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LONDON (Reuters) - Sterling hit its highest against the euro since its October 7 "flash crash" in a rollercoaster session on Tuesday, buffeted by mixed interpretations of a rise in inflation and suggestions parliament would have to ratify Britain's deal to leave the European Union.
A UK government lawyer said parliament would "very likely" have to ratify an eventual agreement with the EU when the country leaves the bloc, sending the pound to as high as $1.2300 and 89.60 pence per euro in morning trade in London. EURGBP=D4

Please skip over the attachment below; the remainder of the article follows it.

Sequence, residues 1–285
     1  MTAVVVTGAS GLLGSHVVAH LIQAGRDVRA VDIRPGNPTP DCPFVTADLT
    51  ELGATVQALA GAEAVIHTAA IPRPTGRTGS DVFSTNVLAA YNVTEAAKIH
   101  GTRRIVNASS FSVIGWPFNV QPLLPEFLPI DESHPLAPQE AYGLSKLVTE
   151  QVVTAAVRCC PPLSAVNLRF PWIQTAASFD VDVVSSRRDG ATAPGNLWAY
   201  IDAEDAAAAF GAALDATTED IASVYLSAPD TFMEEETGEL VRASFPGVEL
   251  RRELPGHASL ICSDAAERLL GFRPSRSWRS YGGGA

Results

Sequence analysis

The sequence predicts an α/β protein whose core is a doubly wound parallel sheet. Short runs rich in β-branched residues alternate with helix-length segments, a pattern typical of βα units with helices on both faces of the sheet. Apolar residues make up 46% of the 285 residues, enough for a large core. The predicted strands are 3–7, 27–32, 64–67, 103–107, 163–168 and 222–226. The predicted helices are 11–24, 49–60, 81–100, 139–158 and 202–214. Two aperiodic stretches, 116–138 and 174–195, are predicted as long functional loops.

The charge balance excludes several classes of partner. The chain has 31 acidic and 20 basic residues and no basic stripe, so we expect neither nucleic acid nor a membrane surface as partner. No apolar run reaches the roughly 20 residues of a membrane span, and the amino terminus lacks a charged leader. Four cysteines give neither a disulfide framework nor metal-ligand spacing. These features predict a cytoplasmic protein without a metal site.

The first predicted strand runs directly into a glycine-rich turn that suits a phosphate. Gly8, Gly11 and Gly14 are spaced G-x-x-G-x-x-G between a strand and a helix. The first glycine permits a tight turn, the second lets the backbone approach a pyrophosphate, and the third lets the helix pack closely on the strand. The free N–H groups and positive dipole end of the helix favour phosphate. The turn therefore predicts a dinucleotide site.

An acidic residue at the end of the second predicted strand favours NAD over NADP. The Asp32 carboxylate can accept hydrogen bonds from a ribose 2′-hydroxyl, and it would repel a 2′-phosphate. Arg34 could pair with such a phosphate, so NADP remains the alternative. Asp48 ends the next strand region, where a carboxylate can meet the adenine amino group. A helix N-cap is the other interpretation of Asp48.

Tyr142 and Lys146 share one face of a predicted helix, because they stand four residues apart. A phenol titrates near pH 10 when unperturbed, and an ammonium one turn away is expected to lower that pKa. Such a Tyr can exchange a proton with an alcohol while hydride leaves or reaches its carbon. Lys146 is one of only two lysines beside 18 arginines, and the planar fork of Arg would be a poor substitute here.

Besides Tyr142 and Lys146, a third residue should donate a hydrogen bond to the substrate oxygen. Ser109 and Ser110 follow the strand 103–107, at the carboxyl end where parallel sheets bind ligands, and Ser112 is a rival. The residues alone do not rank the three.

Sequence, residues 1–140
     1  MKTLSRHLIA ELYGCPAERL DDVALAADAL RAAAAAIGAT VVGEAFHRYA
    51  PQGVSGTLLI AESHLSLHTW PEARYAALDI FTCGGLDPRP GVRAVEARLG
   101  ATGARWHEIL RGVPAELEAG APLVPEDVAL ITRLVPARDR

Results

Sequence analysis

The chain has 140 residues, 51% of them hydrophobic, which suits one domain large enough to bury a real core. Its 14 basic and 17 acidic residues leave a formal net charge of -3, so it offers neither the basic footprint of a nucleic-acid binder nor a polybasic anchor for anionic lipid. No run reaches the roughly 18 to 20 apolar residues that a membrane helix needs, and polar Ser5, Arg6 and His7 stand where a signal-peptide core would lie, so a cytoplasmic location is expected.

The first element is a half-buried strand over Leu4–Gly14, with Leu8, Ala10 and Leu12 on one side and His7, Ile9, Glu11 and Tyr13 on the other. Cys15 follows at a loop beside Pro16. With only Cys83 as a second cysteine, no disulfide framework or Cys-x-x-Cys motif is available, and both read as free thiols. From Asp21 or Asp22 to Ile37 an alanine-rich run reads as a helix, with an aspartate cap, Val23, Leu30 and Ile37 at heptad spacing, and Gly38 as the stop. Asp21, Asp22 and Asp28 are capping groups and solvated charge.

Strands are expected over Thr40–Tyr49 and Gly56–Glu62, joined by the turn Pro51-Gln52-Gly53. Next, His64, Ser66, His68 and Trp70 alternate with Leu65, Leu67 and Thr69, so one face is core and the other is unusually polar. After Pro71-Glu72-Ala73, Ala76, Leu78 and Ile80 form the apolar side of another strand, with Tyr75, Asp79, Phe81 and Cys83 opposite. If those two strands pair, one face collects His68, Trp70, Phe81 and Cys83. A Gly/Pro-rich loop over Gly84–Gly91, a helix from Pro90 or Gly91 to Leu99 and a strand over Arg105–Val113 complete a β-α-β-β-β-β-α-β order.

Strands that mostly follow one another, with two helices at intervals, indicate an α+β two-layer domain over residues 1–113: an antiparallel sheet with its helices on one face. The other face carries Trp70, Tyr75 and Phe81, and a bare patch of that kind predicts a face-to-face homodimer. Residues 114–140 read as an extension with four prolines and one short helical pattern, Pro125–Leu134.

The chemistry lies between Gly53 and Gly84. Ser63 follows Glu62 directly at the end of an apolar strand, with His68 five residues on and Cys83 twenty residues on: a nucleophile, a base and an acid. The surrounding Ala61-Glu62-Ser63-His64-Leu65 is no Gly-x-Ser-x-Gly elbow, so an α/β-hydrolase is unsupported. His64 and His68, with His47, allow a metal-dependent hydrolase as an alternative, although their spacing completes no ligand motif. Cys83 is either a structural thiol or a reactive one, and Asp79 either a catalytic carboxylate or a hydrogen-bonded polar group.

It pulled back again as James Eadie, who is representing the government in a High Court challenge over who has the right to trigger divorce talks, said the EU and Britain could also agree in the deal that parliament would not have to be consulted.
"We have just jumped on that headline but it does not look as clear as people initially thought," said a strategist with one international bank in London.
Reporting by Patrick Graham; Editing by Jemima Kelly